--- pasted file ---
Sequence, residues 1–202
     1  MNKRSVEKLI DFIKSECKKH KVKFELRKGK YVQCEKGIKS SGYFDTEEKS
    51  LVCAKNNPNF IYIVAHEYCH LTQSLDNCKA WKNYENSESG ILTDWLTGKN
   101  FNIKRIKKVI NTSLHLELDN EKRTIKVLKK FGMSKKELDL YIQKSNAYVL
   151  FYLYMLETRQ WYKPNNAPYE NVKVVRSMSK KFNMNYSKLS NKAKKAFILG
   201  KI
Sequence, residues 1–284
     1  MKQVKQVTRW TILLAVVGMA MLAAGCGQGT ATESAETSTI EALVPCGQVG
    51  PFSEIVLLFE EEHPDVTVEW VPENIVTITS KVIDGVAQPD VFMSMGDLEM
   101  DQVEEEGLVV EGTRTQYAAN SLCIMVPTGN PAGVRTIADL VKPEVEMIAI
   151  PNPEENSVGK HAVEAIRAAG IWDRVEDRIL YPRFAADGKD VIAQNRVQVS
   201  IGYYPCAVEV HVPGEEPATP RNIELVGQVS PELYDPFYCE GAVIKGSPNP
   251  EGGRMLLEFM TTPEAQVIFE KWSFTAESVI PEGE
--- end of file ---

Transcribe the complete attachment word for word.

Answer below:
Sequence, residues 1–202
     1  MNKRSVEKLI DFIKSECKKH KVKFELRKGK YVQCEKGIKS SGYFDTEEKS
    51  LVCAKNNPNF IYIVAHEYCH LTQSLDNCKA WKNYENSESG ILTDWLTGKN
   101  FNIKRIKKVI NTSLHLELDN EKRTIKVLKK FGMSKKELDL YIQKSNAYVL
   151  FYLYMLETRQ WYKPNNAPYE NVKVVRSMSK KFNMNYSKLS NKAKKAFILG
   201  KI
Sequence, residues 1–284
     1  MKQVKQVTRW TILLAVVGMA MLAAGCGQGT ATESAETSTI EALVPCGQVG
    51  PFSEIVLLFE EEHPDVTVEW VPENIVTITS KVIDGVAQPD VFMSMGDLEM
   101  DQVEEEGLVV EGTRTQYAAN SLCIMVPTGN PAGVRTIADL VKPEVEMIAI
   151  PNPEENSVGK HAVEAIRAAG IWDRVEDRIL YPRFAADGKD VIAQNRVQVS
   201  IGYYPCAVEV HVPGEEPATP RNIELVGQVS PELYDPFYCE GAVIKGSPNP
   251  EGGRMLLEFM TTPEAQVIFE KWSFTAESVI PEGE